Polish Foreign Minister Radosław Sikorski. American and European action “has possibly prevented a full-scale invasion of Ukraine,” Polish Foreign Minister Radosław Sikorski told CNN’s Christiane Amanpour on Monday.
“America provided leadership on Ukraine,” Sikorski said, countering the common narrative that the West stood weakly in the face of Russian aggression.
U.S. President Barack Obama is headed to Europe this week on a trip that will end by commemorating the 70th anniversary of the D-Day landings at Normandy. His first step, however, will be Poland, which played a key role in the Ukraine crisis.
“We are always glad to see President Obama in Europe,” Sikorski said.
Despite a presidential election, Ukraine remains extremely volatile. Five militants were killed in the volatile eastern Ukrainian city of Luhansk on Monday after they took part in a large coordinated assault on a border guard base, an official at the Ukrainian State Border Guard Service told CNN.
In response to Ukrainian unrest, NATO bolstered its presence near Russia’s border; the U.S. sent 150 paratroopers to Poland.
“We would welcome more troops, both from Europe and from the United States,” Sikorski said.
“We simply think that the level of security across the NATO area should be more or less even. And at the moment, we have NATO bases as legacies of the Cold War, in places where they were useful during the confrontation with the Soviet Union and it doesn't take into account the events of the last quarter of a century. And this should now be addressed.”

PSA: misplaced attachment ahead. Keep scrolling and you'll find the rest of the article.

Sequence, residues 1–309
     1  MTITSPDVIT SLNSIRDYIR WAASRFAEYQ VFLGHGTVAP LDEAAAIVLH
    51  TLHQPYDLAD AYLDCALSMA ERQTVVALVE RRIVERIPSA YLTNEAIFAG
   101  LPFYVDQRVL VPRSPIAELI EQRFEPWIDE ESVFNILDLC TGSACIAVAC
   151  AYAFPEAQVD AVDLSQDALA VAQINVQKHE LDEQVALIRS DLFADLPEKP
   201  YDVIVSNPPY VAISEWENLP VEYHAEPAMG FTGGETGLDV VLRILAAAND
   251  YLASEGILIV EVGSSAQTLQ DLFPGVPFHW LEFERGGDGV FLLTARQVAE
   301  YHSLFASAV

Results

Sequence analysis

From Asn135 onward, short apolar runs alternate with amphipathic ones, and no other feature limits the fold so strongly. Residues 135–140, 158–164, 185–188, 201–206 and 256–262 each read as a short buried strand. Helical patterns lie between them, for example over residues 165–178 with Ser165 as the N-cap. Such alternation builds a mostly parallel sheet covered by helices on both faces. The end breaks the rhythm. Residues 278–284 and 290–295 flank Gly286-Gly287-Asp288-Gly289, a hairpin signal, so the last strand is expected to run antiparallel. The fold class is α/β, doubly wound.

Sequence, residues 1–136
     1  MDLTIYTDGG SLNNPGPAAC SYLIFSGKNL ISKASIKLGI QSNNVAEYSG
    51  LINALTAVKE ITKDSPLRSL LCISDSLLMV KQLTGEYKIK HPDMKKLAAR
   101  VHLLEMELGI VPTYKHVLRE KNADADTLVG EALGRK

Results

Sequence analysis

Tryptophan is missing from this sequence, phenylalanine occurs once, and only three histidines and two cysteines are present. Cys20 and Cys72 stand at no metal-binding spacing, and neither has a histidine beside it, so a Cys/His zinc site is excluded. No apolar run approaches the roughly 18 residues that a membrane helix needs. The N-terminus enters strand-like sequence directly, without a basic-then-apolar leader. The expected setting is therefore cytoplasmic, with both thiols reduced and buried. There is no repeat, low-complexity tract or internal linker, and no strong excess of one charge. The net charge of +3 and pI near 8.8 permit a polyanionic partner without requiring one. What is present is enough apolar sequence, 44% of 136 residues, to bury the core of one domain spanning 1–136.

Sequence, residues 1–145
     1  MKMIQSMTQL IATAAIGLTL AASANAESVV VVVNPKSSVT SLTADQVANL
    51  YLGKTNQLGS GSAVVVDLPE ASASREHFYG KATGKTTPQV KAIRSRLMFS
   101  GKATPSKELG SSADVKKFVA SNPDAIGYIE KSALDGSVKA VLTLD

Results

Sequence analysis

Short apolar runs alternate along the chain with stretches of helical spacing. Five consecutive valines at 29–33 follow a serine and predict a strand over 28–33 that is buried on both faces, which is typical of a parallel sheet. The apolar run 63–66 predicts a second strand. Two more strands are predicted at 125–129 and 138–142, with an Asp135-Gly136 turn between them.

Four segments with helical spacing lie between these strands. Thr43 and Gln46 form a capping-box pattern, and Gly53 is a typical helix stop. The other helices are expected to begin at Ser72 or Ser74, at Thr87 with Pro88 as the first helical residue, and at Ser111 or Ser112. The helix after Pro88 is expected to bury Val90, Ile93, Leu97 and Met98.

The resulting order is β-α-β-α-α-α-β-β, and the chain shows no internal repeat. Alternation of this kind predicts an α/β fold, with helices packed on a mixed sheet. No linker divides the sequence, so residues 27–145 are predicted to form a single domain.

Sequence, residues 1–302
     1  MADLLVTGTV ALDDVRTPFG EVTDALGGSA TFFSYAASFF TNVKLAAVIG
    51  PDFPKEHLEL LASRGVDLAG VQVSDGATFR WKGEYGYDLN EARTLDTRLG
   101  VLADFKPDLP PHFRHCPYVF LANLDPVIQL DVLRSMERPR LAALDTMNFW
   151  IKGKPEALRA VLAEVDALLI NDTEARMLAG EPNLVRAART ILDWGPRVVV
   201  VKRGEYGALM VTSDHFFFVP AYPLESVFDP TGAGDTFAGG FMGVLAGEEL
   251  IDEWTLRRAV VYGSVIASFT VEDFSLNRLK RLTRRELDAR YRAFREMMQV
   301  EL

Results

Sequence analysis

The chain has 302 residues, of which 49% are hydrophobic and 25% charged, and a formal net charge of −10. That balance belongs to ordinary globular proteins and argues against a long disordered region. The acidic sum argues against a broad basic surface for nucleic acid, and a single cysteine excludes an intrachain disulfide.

He nonetheless expressed hope that Ukraine’s new leader, Petro Poroshenko, can bridge the divide necessary to bring stability.
“Petro Poroshenko comes from the Party of Regions, was a minister under Mr. Yanukovych, and is someone who is credible for the West and should be someone that Russia should be able to do business with.”
“I think they are talking already, and it would be good for the two countries to normalize relations, because they need each other.”
Russian President Putin, he told Amanpour, has perhaps realized that he bit oof more than he could chew in Ukraine.
“I think the costs of annexing Crimea are probably much higher than he had budgeted for. One hears that pension salaries are not being paid, that the banking system is in disarray; the agriculture; the tourist season is lost. And it's costing tens of billions of dollars.”
“Eastern Ukraine is three-and-a-half times bigger, so the cost would be proportionally higher. But it's good when realism wins out.”
So will Russia, Amanpour asked, re-join the path of normalization – joining international treaty and trade organizations – that it was on before the current crisis?
“Only one person knows, and that's President Putin.”